With the Senate, on a second attempt, successfully passing an amendment to end the 45-cent-per-gallon ethanol subsidy for American refiners and the 54-cent tariff on imported ethanol, I thought I’d point to this terrific op-ed in Scientific American on how to solve the food crisis. According to author Timothy Searchinger of Princeton University, it’s the biofuels, stupid.

The crisis certainly isn’t due to a lack of agricultural productivity, no matter what agribusiness and the USDA say. Searchinger claims:

[T]otal world grain production last year was the third highest in history. Indeed, it has grown since 2004 at rates that, on average, exceed the long-term trend since 1980 and roughly match the trends of the past decade. Even with bad weather in Russia and northern Australia last year, global average crop yields were only 1 percent below what the trends would lead us to expect, a modest gap.

It’s also not caused by demand from China. Searchinger points out that “consumption in China and India is rising no faster than it has in previous decades. In general, Asia’s higher incomes have not triggered the surge in demand for food.”

But biofuels?

Since 2004 biofuels from crops have almost doubled the rate of growth in global demand for grain and sugar and pushed up the yearly growth in demand for vegetable oil by around 40 percent. Even cassava is edging out other crops in Thailand because China uses it to make ethanol.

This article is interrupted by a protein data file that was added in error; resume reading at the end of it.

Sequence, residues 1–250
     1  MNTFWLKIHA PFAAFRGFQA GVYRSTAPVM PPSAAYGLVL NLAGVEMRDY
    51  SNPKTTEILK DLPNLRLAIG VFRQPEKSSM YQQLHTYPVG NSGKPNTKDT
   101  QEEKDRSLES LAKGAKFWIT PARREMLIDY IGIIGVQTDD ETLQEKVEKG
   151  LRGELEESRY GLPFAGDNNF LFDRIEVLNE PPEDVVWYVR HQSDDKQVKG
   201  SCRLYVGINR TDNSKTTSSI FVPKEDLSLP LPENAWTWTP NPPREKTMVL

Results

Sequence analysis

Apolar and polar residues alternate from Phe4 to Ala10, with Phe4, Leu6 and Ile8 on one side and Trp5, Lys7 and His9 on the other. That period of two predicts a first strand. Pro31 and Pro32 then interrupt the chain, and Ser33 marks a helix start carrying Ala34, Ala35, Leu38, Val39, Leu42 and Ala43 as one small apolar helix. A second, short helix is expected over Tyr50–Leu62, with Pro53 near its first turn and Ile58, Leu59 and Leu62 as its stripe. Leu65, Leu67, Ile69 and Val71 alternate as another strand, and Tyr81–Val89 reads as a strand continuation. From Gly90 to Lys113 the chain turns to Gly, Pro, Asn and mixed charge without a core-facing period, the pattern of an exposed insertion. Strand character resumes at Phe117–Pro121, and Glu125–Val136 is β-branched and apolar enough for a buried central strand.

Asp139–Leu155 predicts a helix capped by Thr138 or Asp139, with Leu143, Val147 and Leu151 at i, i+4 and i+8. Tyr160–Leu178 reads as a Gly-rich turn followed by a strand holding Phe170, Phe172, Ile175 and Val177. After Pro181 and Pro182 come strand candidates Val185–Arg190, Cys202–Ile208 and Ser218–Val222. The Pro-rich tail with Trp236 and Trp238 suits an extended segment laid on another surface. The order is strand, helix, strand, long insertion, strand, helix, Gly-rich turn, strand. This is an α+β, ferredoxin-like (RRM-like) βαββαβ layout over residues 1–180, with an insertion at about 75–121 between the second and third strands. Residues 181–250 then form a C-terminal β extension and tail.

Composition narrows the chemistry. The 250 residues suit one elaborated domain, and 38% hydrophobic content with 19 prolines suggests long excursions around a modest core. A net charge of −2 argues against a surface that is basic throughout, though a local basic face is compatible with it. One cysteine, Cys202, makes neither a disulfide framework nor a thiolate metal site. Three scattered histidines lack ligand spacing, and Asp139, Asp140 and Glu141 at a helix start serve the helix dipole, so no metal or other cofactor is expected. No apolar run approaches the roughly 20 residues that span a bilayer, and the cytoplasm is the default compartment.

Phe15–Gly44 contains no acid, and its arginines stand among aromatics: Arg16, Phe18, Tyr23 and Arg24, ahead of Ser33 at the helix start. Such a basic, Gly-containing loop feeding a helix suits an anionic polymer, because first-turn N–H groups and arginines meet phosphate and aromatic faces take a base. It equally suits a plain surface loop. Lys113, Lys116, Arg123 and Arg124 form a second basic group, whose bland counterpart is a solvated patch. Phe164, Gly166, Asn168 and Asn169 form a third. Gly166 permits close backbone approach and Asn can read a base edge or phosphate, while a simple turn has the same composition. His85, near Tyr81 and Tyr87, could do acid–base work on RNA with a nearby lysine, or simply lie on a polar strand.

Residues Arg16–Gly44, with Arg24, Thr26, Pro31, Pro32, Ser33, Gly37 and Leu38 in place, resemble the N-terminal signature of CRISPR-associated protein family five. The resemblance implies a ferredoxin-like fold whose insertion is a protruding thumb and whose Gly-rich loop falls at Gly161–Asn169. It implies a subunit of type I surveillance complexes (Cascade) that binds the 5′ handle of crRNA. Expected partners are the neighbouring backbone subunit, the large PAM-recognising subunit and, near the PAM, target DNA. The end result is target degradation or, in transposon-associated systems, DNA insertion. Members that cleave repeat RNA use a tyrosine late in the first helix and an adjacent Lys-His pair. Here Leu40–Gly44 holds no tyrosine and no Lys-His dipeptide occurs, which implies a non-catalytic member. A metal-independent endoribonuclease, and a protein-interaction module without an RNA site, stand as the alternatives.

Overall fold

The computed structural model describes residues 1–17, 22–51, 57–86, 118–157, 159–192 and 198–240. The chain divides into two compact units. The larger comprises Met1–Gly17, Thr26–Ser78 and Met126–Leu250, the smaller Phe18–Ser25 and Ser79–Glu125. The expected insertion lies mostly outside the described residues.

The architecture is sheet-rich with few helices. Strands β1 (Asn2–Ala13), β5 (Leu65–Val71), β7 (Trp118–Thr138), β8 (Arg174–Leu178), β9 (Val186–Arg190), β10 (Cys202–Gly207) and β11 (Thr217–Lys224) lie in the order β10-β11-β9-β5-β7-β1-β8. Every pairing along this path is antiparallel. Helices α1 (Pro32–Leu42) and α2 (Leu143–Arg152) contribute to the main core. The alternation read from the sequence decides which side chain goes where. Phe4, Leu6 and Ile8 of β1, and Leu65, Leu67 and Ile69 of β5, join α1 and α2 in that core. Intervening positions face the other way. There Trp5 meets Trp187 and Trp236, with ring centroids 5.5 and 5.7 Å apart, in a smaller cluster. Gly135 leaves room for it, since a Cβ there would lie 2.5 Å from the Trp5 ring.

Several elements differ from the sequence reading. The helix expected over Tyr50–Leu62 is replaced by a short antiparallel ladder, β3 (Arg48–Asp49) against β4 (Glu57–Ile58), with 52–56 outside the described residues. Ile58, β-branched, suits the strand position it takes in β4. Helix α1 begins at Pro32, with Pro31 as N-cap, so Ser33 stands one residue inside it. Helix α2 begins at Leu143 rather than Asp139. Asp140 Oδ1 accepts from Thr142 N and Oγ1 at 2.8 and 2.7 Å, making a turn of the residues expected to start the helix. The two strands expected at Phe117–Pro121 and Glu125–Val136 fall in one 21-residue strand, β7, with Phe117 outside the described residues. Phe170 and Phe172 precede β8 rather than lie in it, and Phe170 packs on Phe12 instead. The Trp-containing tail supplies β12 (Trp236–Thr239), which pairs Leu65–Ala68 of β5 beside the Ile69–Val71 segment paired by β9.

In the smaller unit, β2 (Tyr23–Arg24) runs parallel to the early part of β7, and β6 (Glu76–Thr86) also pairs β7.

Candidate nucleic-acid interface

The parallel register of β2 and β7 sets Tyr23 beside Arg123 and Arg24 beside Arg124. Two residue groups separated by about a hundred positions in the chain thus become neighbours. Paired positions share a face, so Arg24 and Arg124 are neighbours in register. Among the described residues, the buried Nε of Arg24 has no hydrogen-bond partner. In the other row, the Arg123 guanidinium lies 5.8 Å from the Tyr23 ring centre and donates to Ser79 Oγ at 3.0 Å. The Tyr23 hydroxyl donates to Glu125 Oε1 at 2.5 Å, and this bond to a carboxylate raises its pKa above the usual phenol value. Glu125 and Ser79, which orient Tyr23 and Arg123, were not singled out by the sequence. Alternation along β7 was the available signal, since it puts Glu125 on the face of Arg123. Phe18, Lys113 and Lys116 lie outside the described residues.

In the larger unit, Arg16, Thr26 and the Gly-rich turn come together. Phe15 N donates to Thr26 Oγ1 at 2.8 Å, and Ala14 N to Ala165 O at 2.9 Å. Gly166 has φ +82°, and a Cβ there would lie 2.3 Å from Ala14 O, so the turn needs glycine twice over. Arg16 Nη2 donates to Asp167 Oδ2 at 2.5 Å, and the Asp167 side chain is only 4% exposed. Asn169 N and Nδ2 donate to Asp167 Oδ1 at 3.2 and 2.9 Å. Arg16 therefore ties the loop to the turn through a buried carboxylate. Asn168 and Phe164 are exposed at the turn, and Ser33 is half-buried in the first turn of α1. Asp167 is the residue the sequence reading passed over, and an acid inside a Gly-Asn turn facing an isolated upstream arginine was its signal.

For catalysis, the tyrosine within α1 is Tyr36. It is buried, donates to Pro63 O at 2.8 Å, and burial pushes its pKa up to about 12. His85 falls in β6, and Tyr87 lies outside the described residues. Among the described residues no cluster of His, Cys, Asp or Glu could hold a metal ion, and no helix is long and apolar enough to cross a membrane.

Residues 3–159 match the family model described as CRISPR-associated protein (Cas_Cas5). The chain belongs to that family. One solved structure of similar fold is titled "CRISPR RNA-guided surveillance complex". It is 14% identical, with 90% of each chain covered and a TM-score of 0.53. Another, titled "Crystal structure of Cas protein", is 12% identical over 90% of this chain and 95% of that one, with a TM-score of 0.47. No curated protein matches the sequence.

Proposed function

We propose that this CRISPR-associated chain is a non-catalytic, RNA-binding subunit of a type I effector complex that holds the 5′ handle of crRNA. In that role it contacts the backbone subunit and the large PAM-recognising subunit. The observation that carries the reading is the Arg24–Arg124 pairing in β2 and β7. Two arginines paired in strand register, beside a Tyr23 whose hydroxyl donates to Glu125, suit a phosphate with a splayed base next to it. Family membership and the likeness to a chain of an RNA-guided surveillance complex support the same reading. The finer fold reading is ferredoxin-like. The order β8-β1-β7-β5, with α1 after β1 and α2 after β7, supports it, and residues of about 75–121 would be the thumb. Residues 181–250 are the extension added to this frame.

This is one of the clearest statements of the effects of biofuel production on global demand I’ve run across. Just as in a presidential election where any number of slices of the electorate can be said to have provided the winning margin (“It was Indiana!,” “It was non-college whites!,” “It was the rural vote!”), so too can any number of “causes” be found for a food crisis. But Searchinger’s formulation makes it hard to deny that biofuels are to blame for this one.

He also makes an interesting point about industry and government’s chronic unwillingness (or is it inability?) to recognize the effect biofuel production has on prices. As he puts it:

Although most experts recognize the important role bio­fuels play, they often underestimate their effects. Many of them misinterpret the economic models, which understate the degree to which biofuels drive up prices. These models are nearly all designed to estimate biofuels’ effects on prices over the long term, after farmers have ample time to plow up and plant more land, and do not speak to prices in the shorter term.

So in the long term, when production has a chance to “catch up” to demand caused by biofuels, price changes are smoothed out and things appear stable. But that perspective also makes it easy to overlook what it is that “short-term” price spikes cause: hunger, riots, and political destabilization in the developing world.

I don’t know if Congress will really end ethanol subsidies — the bill to which the Senate amendment is attached has uncertain prospects. But I would like to destroy the fantasyland that the White House and the USDA live in where biofuels are agriculturally “free.” The price of growing fuel for our cars is clear and unacceptably high.